On Where Time Goes
Another month has flown by. It’s only 25 days until Christmas! Wasn’t it just last week that we were returning Christmas decorations to the attic? I’m realizing all too well my grandmother’s declaration that the older one gets, the faster time flies.
When Whitehead completed his calculations, he discovered that he had large blocks of time for which he could not account. I suspect that if each of us undertook to make similar calculations for how we’ve spent our time, we’d come to a similar conclusion. We never seem to have enough time, and what time we do have flies by.
Think about it.
We don’t have to chop wood to fuel our kitchen stoves. We have electric or gas stoves for instant cooking heat. And if that’s not fast enough, we can “nuke” our food in our microwave ovens. We don’t have to spend time or exert the effort to saddle a horse or hitch a team of horses to a wagon and then spend hours in the saddle or on a hard buckboard seat to reach our destination. We push a remote key and start the engine of our automobiles, which heat up or cool down for us by the time we enter it and make a quick trip in cushioned comfort. We don’t even have to visit the store to buy our groceries or other commodities. We just order whatever we want online and have it delivered to us.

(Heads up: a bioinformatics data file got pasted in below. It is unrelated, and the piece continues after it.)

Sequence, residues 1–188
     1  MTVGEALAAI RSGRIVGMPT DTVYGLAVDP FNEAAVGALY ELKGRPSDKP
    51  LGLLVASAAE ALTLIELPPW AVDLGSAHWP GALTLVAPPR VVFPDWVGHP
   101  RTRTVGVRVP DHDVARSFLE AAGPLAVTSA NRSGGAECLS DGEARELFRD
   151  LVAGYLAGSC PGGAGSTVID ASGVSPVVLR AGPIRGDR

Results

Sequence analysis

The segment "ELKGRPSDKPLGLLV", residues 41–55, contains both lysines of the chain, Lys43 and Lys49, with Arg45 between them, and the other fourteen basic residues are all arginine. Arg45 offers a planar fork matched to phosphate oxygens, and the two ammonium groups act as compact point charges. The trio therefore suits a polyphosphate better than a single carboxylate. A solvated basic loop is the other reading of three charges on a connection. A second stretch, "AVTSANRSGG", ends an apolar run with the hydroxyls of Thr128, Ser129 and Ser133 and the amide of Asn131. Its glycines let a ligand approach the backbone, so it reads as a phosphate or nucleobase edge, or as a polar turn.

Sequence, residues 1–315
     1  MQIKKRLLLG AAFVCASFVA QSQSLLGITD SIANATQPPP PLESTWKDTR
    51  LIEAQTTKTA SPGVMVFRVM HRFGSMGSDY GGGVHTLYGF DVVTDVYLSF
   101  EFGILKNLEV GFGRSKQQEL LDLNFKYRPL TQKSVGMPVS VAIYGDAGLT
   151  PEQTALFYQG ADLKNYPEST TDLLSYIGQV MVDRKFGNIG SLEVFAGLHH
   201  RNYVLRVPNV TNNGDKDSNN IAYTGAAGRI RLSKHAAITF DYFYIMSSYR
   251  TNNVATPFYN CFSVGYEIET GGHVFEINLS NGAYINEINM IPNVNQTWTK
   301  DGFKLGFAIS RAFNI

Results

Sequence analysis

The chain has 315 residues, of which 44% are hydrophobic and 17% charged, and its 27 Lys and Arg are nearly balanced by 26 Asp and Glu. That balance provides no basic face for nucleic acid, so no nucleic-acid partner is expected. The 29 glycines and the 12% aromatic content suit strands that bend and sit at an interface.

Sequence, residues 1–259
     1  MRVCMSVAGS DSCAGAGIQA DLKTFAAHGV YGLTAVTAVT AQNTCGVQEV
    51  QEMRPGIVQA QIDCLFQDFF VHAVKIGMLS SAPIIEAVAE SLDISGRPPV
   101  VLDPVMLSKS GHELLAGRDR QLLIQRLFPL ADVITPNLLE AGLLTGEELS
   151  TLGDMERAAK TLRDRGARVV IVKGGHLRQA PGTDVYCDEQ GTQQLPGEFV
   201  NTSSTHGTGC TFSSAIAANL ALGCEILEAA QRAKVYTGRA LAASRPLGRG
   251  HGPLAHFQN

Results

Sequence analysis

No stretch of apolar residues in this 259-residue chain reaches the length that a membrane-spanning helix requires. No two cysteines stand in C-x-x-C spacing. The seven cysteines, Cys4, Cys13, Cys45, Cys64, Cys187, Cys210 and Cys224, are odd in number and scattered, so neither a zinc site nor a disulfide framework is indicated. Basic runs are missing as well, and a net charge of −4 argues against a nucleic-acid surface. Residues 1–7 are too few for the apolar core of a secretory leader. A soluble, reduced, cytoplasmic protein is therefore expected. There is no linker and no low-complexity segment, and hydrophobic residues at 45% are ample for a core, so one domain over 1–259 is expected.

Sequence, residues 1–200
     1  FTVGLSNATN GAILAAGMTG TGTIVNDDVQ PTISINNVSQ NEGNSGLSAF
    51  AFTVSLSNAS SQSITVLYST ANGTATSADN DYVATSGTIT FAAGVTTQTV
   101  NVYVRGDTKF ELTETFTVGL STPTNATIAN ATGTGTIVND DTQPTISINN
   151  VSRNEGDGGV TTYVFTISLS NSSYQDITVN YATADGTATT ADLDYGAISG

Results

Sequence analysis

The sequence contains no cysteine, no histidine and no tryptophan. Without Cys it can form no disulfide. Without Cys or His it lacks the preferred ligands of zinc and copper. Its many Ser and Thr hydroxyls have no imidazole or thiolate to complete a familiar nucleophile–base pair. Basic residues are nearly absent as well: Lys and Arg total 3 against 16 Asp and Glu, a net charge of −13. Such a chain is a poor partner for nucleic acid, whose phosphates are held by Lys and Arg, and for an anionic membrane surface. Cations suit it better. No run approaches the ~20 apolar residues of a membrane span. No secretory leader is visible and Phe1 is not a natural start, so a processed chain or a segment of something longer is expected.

Yet, we’re always complaining that we “don’t have time.” We’re always in a hurry. No time to sit and relax and talk with family members or neighbors. No time to read our Bibles and talk to God about our lives. No time to meditate or reflect or think.
Oh, I think that we have time; we just waste a lot of it on things that don’t really matter all that much in the big scheme of things. We have time (or make it) for what really matters to us.
A wise poet once declared,
Only one life; ’twill soon be past. Only what’s done for Christ will last.
Carpe diem! “Seize the day,” with eternity’s values in view. Nothing else really matters, so use your time wisely.
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